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Pieces of a Dream: Quilts are feats of connection, one person to another
By Lise Funderburg

The Philadelphia Inquirer Magazine
October 5, 1997

I began to glimpse the deeper content of quilts only when I started making them some years ago — my attempt to give distinctive shower gifts. As I spent hours making these blankets for other people, for children I could not yet possibly know, I infused them with my affection, my whimsy, my skills, and, of course, my mistakes. How, I wondered, would they be received? What new meanings would overlay my own over time, once they left my hands? And who would ever know? I've started asking these questions of others, of those who give and those who receive these extraordinary handcrafted ties that bind. Here are a few of their answers, collected over the last 18 months.

JERRY JACOBS, 39
Hairdresser, New York, NY

Jerry Jacobs was born and raised in Kentucky, close to the Ohio border. When we talk, he has been a New Yorker for 15 years, earning a living "clipping wigs." He cuts hair in his small, uncluttered Greenwich Village apartment, where everything is tasteful, from the custom-made shower curtain to the carved, hulking sideboard that holds his scissors, combs, and brushes.

I went to a small college, majored in psychology and sociology, and as soon as I got out of school, I went to this psychiatric hospital where I ran the social work department. I wasn't supposed to be in charge, but two weeks after I arrived the guy who was said, "It's all yours; I'm going to Seattle." So I'm like, OK.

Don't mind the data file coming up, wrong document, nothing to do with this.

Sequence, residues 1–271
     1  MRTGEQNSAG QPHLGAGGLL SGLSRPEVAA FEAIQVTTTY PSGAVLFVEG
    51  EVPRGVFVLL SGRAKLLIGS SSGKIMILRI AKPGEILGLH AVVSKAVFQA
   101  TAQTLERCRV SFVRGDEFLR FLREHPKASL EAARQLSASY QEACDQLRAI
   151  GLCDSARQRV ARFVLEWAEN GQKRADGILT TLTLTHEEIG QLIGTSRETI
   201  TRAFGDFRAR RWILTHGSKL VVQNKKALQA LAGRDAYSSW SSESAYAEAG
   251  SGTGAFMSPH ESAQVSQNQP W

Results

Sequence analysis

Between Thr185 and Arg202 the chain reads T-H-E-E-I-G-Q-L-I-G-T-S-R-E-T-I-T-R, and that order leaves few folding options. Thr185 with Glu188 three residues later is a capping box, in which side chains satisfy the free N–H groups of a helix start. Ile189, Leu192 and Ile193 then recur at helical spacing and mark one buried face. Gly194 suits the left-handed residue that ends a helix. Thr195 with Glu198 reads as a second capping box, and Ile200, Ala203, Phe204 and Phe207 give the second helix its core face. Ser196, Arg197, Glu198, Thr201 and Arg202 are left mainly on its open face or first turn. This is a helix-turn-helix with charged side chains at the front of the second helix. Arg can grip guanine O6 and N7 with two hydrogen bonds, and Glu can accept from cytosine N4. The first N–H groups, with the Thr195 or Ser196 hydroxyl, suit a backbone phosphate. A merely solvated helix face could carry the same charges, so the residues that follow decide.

The hospital was in the northern part of Kentucky. It was a small unit in a beautiful setting; it was in the woods with lots of trees and grass and stuff around. People that came there were truly disturbed but very quickly settled back into normal — whatever normal life would be. And the staff there was very friendly; it was like a family.

So I was there for a year when we got this woman who was from the country, way in the country, and sweet as can be but just as mad as can be when she came in. Mad as a hatter. Just out of her mind. And within a week or so, she had settled down to the point where we could speak to her. Part of my job was to make sure that everything after she left the hospital was taken care of. So I contacted her family and dealt with a lot of personal things. I didn't have to make her take medicine. I didn't have to probe why she hated her mother. It was just, "Do you have someone to take care of you when you go home?"